“Wait, what!?” I hear you say, “They’re not even talking about marriage. They’re only talking about protecting children!”
The elephant in the room of course, that I want to deal with quickly, is that they’ve already lost the marriage equality debate. As Nick Greiner wrote so eloquently, and reported in The Guardian:
“The deliberate conflating of issues only happens when people know they cannot win an argument on its merits,” Greiner has written in the Australian. “Conflation should be called out for what it is, a debating device.”
The “no” campaign doesn’t talk about marriage equality (or “same sex marriage”, as they insist on referring to it when they do occasionally mention it), because it’s a lost cause. The majority of Australians support it. They want to make Australians not support it by confusing it with another issue entirely: children.
So let’s talk about children. Let’s talk about the arguments used by the “no” campaign, and let’s label those arguments for what they are: child abuse.
Now, there’s many different kinds of child abuse. There’s child sexual abuse, as we’ve seen covered in excruciatingly thorough and soul-harrowing detail via the Royal Commission into Institutional Abuse of children. I’m not saying the “no” campaign is promoting child sexual abuse, of course. (After all, to do that they’d have to acknowledge that child sexual abuse even happens, and surprisingly so many members of the “no” coalition were silent on that matter, despite seemingly only ever wanting to think about the children, during the Royal Commission. It appeared to any outsider that the thought of child abuse in a religious setting just hit a little too close to home for them.)
I’m not talking about physical child abuse, prevalent in so many domestic violence situations, either. They’re not running around promoting that people beat their children. They also, by and large, seem to not be members of that growing band of new-wave child abusers, the anti-vaxxers, who delight in creating situations that recklessly endanger the lives of children and others.
No, the “no” campaign is not promoting any of those forms of child abuse. But the form they are promoting is horribly insidious, and has for decades been wreaking generational harm on children, on men, and by extension, our entire society. The “no” campaign in fact isn’t just unwittingly pursuing that avenue of child abuse, they’re continuing to promote toxic societal behaviours.
If you watch the tortured logical fallacies and meandering dumpster diving into conflated rubbish biliously spouted daily by the ACL and their allies, seemingly the most destructive thing in the world at the moment is the safe schools programme, and this “gender fluidity” term they throw about all the time. “Gender fluidity!” is shouted and bandied about with the same McCarthyesque “reds under the beds!” fervour that’s been used for decades – for centuries in fact – whenever a group needs to manufacture an enemy so as to hide the simple truth that they, are, in fact, the real enemy themselves.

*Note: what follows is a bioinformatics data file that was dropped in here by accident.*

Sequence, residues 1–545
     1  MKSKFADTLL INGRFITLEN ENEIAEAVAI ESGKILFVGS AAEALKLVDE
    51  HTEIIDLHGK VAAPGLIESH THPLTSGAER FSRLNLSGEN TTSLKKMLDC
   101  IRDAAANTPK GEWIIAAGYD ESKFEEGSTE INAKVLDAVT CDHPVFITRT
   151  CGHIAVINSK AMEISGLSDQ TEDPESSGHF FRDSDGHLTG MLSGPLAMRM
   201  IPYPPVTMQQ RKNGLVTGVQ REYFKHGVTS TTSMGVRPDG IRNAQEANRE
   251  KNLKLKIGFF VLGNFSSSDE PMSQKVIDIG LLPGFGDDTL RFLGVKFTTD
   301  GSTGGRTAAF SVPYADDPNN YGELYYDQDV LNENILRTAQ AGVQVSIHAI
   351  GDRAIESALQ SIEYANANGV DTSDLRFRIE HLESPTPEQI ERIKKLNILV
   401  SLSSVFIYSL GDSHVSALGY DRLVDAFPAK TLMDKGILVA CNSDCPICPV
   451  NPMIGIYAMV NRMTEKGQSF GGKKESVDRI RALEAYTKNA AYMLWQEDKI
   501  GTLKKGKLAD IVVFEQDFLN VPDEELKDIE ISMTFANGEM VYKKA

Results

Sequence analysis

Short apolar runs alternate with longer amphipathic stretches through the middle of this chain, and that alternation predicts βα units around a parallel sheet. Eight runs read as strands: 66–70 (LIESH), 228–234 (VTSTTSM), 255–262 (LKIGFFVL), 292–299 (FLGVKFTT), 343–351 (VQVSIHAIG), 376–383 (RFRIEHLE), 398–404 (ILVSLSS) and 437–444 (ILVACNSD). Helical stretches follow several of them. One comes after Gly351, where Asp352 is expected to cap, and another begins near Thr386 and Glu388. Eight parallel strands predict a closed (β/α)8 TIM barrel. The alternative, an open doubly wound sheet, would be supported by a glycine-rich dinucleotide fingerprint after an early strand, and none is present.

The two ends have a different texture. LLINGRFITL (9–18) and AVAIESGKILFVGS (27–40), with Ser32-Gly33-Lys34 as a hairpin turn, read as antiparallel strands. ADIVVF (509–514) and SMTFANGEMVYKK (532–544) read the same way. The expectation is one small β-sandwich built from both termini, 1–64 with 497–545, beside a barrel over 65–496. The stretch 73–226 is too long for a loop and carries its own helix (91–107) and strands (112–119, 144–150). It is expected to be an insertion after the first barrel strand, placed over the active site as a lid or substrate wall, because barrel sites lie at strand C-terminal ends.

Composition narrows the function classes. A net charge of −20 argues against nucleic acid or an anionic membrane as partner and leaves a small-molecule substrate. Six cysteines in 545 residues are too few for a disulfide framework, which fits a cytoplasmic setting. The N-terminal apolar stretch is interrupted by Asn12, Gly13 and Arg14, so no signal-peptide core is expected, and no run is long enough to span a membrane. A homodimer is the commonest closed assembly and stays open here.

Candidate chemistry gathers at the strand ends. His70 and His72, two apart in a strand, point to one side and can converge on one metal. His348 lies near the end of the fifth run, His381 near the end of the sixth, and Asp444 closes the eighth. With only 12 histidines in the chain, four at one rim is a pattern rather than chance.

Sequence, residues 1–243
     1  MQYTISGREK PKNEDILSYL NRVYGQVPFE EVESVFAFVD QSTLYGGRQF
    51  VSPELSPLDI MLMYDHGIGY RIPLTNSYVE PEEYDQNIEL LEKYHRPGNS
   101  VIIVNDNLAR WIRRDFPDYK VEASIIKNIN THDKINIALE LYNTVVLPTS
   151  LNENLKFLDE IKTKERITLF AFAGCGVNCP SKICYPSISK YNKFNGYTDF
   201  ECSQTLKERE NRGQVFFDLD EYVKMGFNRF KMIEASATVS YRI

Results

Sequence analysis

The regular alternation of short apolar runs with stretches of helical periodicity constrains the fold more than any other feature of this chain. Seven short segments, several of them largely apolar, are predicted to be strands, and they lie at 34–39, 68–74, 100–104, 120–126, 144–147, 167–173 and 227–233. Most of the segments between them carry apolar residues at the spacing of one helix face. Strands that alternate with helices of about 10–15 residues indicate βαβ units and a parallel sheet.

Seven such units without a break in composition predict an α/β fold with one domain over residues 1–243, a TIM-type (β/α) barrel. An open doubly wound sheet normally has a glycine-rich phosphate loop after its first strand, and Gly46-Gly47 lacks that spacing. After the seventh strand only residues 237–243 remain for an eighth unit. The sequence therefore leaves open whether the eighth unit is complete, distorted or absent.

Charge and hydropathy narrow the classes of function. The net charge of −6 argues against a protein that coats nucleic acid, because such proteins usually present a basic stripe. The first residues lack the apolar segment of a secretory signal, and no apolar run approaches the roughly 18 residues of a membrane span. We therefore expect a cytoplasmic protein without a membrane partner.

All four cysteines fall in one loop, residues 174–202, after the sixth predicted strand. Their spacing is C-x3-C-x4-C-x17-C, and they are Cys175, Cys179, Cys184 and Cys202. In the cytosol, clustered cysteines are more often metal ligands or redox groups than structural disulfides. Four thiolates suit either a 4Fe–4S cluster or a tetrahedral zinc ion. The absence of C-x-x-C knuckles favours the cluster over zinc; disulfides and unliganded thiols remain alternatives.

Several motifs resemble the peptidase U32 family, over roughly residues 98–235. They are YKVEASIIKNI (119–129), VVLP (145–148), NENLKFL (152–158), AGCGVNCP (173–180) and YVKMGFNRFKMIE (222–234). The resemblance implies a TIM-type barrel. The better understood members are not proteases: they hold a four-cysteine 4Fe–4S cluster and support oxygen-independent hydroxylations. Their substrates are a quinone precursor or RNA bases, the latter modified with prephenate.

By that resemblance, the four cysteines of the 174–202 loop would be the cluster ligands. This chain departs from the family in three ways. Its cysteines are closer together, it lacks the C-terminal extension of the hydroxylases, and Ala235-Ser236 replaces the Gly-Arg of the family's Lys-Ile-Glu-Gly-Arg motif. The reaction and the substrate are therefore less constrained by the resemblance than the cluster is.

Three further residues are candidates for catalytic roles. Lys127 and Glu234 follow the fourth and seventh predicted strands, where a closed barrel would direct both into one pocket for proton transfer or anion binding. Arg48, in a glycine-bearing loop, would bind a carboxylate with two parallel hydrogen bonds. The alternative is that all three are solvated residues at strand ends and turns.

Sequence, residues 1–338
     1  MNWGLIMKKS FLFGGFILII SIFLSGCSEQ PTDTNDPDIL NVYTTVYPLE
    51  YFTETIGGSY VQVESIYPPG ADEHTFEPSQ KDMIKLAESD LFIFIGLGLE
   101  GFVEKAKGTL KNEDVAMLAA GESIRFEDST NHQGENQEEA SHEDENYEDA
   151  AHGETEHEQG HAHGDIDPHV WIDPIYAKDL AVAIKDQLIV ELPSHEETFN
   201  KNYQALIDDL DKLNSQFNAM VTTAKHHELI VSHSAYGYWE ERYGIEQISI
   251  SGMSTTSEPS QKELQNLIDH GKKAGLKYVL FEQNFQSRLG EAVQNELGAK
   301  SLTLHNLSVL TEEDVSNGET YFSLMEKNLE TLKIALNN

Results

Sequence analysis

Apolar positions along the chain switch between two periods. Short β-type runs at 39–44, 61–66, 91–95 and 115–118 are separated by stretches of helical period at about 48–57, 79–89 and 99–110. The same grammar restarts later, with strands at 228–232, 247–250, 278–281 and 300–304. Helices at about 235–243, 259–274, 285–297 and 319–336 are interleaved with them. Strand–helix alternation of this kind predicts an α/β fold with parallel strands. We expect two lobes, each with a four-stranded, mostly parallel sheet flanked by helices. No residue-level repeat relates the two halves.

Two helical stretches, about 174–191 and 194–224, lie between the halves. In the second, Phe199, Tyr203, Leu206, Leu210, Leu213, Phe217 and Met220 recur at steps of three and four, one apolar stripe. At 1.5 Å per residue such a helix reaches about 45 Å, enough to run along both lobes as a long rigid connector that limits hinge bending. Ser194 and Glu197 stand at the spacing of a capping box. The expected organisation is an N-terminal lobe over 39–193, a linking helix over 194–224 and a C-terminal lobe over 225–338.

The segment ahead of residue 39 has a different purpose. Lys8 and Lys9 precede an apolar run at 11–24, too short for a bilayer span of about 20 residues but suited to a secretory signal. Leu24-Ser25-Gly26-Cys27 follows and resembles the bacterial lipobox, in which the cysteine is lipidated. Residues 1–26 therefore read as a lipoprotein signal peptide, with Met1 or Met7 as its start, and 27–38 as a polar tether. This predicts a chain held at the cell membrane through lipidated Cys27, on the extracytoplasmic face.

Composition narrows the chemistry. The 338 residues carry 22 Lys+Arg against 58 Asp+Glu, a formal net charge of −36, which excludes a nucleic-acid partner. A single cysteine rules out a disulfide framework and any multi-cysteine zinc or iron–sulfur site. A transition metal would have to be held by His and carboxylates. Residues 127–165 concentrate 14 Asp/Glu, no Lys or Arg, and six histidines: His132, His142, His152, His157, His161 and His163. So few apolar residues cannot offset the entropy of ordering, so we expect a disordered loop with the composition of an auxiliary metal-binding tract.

Aside: Safe Schools is a programme designed to teach children to accept that other children, that other people, might be different from them, and designed to teach children that if they feel different from others, they shouldn’t be ashamed of themselves. That’s a bad thing, according to the “no” campaign.
So much of the “no” campaign championed by the loons in the ACL and the supposed “Coalition for Marriage” is summed up in their histrionic reaction to the mere possibility that a boy might have been told it’s OK to wear a dress.
A dress. Not a gimp suit, or a splatterproof garment covered in human blood and excrement, but a dress. A piece of clothing that might be more commonly worn by women, who comprise more than 50% of the global human population.
Forget even that the entire premise – that a school-boy was told at school by a teacher that it was OK to wear a dress – is a lie. That the “Coalition for Marriage” would confect this argument in the first place is demonstrative of their pitiable foulness.
And it is pitiable. Or it would be, if it didn’t itself create so many problems in society.
What are they saying and doing in this argument? It’s simple: they’re acting on a toxic determination to reinforce traditional stereotypes of masculinity. There’s a lot said about masculinity, but I think there’s one simple truth about it: there’s nothing unhealthy with masculinity when it comes from within, as a form of self-awareness. You can be a masculine forklift driver, a masculine office worker, a masculine athlete, a masculine dad, a masculine gay man, and yes, a masculine damn drag queen. Masculinity in its truest, healthiest sense is a comfort in ones own skin. True, healthy masculinity is knowing who you are regardless of anyone else around you.